ANGELS POUNDED BY YANKEES
He has worst start of his career, giving up six runs in two-thirds of an inning.
NEWYORK— The surgically repaired left knee is fine. The velocity of his fastball, which sits about 96 mph, is there. The tight spinning slider has plenty of bite, and the cut-fastball has a nice late break.
There are many physical similarities between the Garrett Richards of 2015 and the Richards of 2014, the right-hander who went 13-4 with a 2.61 earned-run average and 164 strikeouts in 1682⁄3 innings before suffering a season-ending injury in August.
But something is askew. Something isn’t right. Richards has not been nearly as dominant as hewas last season, and he’s looked eminently beatable over his last four starts, including Saturday night’s quick collapse in which he couldn’t get out of the first inning of an 8-2 loss to the New York Yankees.
“The number of pitches he’s throwing behind in the count are starting to catch up to him a little bit . . . and the walks are a little troubling,” Manager Mike Scioscia said. “He has to be cleaner, no doubt. Maybe he hasn’t been as locked in as when he got on a roll last year, but it’s still in there. He’s not off by thatmuch.”
Richards felt fine coming out of the bullpen after pregame warmups Saturday. His delivery, he said, “felt as good as it’s been all year.” It didn’t show on the Yankee Stadium mound.
Richards was rocked for six earned runs and five hits in two-thirds of an inning, walking two and striking out one. The worst start of the right-hander’s career was the primary reason the Angels extended their losing streak to four and fell to .500.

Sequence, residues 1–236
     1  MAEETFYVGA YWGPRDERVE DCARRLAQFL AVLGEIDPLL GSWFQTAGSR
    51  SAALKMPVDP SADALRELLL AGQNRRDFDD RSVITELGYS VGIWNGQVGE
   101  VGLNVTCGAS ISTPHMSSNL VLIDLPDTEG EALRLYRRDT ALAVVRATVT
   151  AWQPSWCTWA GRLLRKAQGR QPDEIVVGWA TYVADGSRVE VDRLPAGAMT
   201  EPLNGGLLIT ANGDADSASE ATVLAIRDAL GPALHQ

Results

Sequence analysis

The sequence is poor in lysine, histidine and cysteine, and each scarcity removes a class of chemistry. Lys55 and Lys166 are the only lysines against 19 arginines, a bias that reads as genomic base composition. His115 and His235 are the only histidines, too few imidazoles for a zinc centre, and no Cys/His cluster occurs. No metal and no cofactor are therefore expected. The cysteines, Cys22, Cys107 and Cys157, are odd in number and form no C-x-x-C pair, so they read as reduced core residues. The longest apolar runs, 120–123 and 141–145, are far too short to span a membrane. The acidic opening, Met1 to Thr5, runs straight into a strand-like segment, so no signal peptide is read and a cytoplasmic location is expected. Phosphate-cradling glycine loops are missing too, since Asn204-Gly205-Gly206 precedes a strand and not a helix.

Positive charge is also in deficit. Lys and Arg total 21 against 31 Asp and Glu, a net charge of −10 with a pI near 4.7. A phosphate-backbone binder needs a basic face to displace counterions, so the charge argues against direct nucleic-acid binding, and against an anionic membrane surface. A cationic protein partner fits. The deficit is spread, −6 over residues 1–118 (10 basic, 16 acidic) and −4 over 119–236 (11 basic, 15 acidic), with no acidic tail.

Richards is 5-4 with a 4.14 ERA on the season, but he is 2-2 with a 7.91ERAin his last four starts, allowing 17 earned runs and 28 hits, including four homers, striking out 12 and walking nine in191⁄3 innings.
The walks are up slightly, the strikeouts are down, and Richards has given up as many homers this season— five — as he did in 2014. The latest was a two-run shot by Yankees catcher Brian McCann, who sent a laser screaming into the rightfield seats to highlight the first inning Saturday.
“I’m going through a rough patch, but I’m not going to sit here and make excuses,” Richards said. “It’s baseball. This is the big leagues. Tonight was one of those nights.”
He had a similar night in Oakland on May 30, 2014, when he gave up five runs and five hits in two-thirds of an inning of a 9-5 loss. Richards called it “embarrassing,” but he used it as motivation and went 9-2 with a 1.94 ERA the rest of theway.
“I went on a tear after that,” Richards said. “I can’t hang my head on this. Iknow what I bring to the table.”
Richards’ trouble Saturday began when he walked Brett Gardner to lead off the first. Chase Headley singled, a sharp one-hopper that second baseman Johnny Giavotella couldn’t handle, and Alex Rodriguez walked to load the bases.
Mark Teixeira hit a sacrifice fly, Headley scored on a wild pitch, and McCann homered for a 4-0 lead. Carlos Beltran singled and took third on Didi Gregorius’ single to center, Gregorius taking second on the throw.
Stephen Drew grounded to first baseman Albert Pujols, who looked Beltran back to third but bypassed an easy out at first, electing to throw to second in an attemptto nail Gregorius, who was off the bag.
Gregorius was initially ruled out, but the call was overturned by replay, loading the bases. Ramon Flores struck out — that would have ended the inning had Pujols taken the out on Drew’s grounder — and Gardner laced a two-run single to right for a 6-0 lead, knocking Richards out of the game.
“He looked home, then to second, and he thought he had an out there,” Scioscia said of Pujols. “Itwas a reaction play. We just didn’t get it done.”
ERICK AYBAR, left, and Mike Trout are unable to make the play on a double that was hit by the Yankees’ Didi Gregorius during the fifth inning of the Angels’ 8-2 loss.